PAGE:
Although it is difficult to increase your holding tank capacity, there are a few solutions you could employ if you find that your grey water or freshwater holding tank size is inadequate.

We will state that most truck campers have specific-sized freshwater, greywater, and blackwater holding tanks. This means that it’s incredibly difficult to change the truck camper itself to increase its capacity. Often you cannot simply buy larger holding tanks and slot them in.

After some research, we came across two ingenious ways truck camper RVers have found to increase their freshwater and greywater tank capacities easily.

We have only spoken about these two holding tank types because it is not usually feasible to upgrade a black water tank on a truck camper.

Upgrading A Truck Campers Freshwater Holding Tank:

To upgrade your freshwater tank, you can modify your freshwater tank by creating a new plumbing system.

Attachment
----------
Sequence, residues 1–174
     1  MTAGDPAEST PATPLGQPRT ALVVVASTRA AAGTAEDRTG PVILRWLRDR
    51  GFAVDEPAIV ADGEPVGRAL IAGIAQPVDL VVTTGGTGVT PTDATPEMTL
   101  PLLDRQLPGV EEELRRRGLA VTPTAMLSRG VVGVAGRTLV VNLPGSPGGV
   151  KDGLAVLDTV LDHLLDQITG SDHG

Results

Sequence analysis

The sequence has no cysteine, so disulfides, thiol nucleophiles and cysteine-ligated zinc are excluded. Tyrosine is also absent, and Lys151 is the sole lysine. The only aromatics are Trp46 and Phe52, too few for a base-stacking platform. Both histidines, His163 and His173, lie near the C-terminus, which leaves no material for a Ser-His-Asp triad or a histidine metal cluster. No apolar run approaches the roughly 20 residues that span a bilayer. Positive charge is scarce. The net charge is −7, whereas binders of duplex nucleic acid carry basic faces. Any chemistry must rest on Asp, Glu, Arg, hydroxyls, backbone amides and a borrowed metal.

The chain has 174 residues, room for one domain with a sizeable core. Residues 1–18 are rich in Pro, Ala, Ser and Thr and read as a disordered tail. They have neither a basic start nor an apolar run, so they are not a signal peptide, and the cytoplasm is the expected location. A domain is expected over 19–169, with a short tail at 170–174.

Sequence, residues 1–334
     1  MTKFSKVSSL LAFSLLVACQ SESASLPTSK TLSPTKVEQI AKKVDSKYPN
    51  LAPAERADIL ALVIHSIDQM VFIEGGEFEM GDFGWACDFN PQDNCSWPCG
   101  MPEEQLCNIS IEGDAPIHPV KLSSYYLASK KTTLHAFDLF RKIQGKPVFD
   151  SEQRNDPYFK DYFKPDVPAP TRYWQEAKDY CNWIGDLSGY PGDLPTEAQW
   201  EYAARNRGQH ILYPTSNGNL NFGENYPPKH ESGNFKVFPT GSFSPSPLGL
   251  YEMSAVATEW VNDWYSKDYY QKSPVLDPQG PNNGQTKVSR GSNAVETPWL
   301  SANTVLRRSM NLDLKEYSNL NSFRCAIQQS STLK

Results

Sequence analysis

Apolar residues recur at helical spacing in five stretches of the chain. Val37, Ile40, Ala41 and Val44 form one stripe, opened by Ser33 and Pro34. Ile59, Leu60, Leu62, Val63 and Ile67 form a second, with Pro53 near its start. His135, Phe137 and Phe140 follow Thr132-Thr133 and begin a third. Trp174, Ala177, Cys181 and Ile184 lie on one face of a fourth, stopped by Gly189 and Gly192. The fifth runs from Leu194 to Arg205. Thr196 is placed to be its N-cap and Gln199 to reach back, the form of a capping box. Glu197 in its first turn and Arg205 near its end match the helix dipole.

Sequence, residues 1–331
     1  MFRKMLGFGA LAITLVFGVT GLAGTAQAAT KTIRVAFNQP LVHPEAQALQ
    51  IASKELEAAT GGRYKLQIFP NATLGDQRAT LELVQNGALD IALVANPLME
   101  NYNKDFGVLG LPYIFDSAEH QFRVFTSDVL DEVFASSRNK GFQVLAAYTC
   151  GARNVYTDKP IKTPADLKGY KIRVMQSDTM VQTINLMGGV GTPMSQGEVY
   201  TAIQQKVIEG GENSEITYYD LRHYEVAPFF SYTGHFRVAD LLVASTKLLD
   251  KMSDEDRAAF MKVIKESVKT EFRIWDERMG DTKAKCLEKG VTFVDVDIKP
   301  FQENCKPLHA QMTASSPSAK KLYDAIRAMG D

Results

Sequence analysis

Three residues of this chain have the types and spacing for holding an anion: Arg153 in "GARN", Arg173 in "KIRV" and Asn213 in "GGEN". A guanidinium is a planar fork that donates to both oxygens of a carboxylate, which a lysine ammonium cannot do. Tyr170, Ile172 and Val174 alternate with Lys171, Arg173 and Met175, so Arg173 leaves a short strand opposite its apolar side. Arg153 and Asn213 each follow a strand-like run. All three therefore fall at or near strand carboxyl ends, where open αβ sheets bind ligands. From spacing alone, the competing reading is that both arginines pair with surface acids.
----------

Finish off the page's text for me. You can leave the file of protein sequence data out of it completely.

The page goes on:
This system will allow you to easily refill your freshwater tank from collapsable jugs using your freshwater tank’s existing water pump.

To create this system, you will need a few items:

  • A few tee valve connectors that fit your truck campers’ current plumbing.
  • 12V rocker switch and wire.
  • A portable RV water tank or collapsable water jugs.
  • A clear PVC hose.
  • Premium quality hose clamps.
  • A short piece of braided hose.

1. Step One

The first thing you will have to do to create your new freshwater holding tank system with increased capacity is to add a fill tube.

Most truck campers will come equipped with a winterization bypass hose. If yours does not feature this hose, you need to insert a tee valve between the fresh water tank and the input pump.

After you have added a tee valve, you will need to add a short length of clear tubing that is flexible. This tubing will become your input hose if you don’t have a bypass hose.